Three for the NFL

UConn's Blidi Wreh-Wilson

It happened so fast you might have missed everything if you hadn't been paying close attention.

Dwayne Gratz, Sio Moore, and Blidi Wreh-Wilson arrived together at Connecticut in 2008, built a bond that season as redshirt freshmen, and then stayed together to form the nucleus of one of the top defensive units in college football as seniors in 2012.

Friday night they showed their unity one more time, entering their professional careers in the same round of the NFL Draft and only seven picks apart.

It all happened in a span of about 20 minutes. After sitting through Thursday's first round and then facing the disappointment of not being selected in Friday's second round, Gratz got things rolling when he became the second pick of the third round. The Jacksonville Jaguars took Gratz with the No. 64 pick overall.

Two picks later it was Moore's turn. The Liberian-born linebacker who turned so many heads in all-star games and the NFL Combine, went to the Oakland Raiders with the No. 66 pick. And before the enormity of that moment had a chance to sink in, the Tennessee Titans stepped to the podium at Radio City Music Hall and announced they had taken Wreh-Wilson with the No. 70 pick.

"We all came in [to UConn] and we were all impact freshmen, to be honest with you," Wreh-Wilson said in a conference call with reporters Friday night. "We redshirted our first year. We were always close to each another, then we started playing together and it was kind of like we were the heart of the defense.

"And the crazy thing about it is we all went so close to each other in the NFL draft. We all went third round and we all went to good teams."

Defensive end Trevardo Williams was not selected Friday night but he is expected to go sometime Saturday when rounds 4-7 are held. If Williams is drafted it would be the third time since 2009 that UConn has featured four picks in single draft.

If there was any surprise Friday night it was that Gratz was the first Husky selected. The consensus opinion was that either Moore or Wreh-Wilson would go first and both were given a good shot at becoming second-round picks.

Gratz said UConn's Three Amigos did not have any pre-draft wager based on who would be taken first.

"If I knew what I know now, I wish I would have done something like that," said Gratz, who started dreaming about playing in the NFL soon after he started playing the game at age 7.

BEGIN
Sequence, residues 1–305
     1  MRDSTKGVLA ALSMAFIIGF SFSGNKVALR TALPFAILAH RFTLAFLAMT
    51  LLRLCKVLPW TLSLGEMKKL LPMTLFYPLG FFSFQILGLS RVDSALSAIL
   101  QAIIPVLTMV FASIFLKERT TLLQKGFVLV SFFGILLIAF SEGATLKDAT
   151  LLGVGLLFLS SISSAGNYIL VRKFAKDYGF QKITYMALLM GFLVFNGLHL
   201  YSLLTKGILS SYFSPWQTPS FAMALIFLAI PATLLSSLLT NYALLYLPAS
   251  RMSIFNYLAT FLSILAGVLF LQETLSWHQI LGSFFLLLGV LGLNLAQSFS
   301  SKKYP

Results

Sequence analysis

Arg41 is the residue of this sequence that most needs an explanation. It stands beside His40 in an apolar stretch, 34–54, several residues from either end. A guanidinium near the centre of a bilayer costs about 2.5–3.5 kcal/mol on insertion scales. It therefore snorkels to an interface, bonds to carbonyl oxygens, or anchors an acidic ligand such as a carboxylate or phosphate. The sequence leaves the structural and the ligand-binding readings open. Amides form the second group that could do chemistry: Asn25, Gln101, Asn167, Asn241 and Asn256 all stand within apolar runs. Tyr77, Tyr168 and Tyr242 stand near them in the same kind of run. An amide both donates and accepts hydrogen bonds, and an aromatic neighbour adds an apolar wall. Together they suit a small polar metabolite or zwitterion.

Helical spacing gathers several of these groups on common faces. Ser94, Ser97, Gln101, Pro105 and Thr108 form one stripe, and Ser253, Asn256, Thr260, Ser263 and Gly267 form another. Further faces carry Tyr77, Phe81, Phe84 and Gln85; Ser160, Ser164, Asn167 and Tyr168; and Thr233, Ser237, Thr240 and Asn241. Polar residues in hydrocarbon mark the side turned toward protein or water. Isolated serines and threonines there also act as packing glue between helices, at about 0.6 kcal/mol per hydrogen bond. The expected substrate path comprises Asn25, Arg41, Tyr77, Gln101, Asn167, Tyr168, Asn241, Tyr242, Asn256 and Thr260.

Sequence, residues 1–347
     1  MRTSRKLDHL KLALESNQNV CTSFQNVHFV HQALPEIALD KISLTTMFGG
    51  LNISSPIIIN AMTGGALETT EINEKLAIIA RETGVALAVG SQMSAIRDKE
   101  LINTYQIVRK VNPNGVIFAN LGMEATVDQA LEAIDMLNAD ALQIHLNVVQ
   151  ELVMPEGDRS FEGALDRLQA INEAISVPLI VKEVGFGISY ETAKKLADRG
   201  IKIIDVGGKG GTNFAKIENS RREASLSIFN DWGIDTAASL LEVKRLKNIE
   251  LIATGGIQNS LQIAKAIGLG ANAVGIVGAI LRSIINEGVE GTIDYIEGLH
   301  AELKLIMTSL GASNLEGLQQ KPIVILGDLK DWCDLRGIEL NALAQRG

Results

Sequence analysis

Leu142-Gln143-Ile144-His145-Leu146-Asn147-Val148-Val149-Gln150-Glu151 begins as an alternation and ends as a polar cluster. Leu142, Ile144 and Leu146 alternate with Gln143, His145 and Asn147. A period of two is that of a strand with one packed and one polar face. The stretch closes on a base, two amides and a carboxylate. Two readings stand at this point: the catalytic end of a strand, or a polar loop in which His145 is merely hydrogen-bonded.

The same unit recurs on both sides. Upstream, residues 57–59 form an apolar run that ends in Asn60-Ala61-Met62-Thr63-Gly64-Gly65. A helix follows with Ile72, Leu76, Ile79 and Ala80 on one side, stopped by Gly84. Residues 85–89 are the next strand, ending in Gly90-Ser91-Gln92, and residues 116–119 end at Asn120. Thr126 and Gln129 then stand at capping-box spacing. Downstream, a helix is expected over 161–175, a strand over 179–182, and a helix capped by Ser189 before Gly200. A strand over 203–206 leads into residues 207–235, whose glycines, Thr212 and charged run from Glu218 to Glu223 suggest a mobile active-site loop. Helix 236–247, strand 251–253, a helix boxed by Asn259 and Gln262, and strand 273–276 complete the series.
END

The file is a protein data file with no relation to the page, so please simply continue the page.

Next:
"It was very exciting [being drafted so closely together]. We all put in a lot of hard work, playing at UConn five years. There was a lot of hard work that went into it. We all wanted to each other go high and it didn't really matter who went first."

But Gratz couldn't help but admit it felt good to go first.

"It felt good because I was always the underdog. A lot of people didn't know me or what type of player I was, the person I was. It's just an honor and it just shows all the hard work I put in and how dedicated I was, got me to where I am now."

There had been talk of Moore being a first-round sleeper and he was considered a player whose status was climbing in recent weeks. After the New York Giants and Chicago Bears passed on him with the 49th and 50th picks overall, Moore admitted to feeling some frustration. The Giants took defensive tackle Johnathan Hankins from Ohio State and the Bears took linebacker Jon Bostic of Florida.

"I had met with Chicago the day before the draft and I thought that was going to be a sure thing," Moore said. "It didn't happen and I'm just glad that the right organization picked me. I'm glad to be a part of the Oakland Raiders."

Moore paused, then interrupted himself before another reporter could ask a question.

"That's kind of crazy to say I'm part of the Oakland Raiders. . . . Holy crap," Moore said.

Moore continues to refer to himself the "best linebacker" in this draft. But there were seven linebackers selected before him, including Manti Te'o of Notre Dame.

"You never know what's going to happen in these situations. People say a lot of things and you can get your hopes up, but for me it's what I'm used to. I always have a chip on my shoulder. The whole process has reinforced the entire thing."

Mike Mayock, draft analyst for the NFL Network, said Moore is an example of someone who uses the draft process and gets the best results.

"When I say trust the process, the process means East-West [game], combine, pro day," Mayock said. "He excelled in all those. Coaches love that he'll lineup on the slot, inside and cover man to man. He came from nowhere, but because of his work ethic, he's now a third-round pick."

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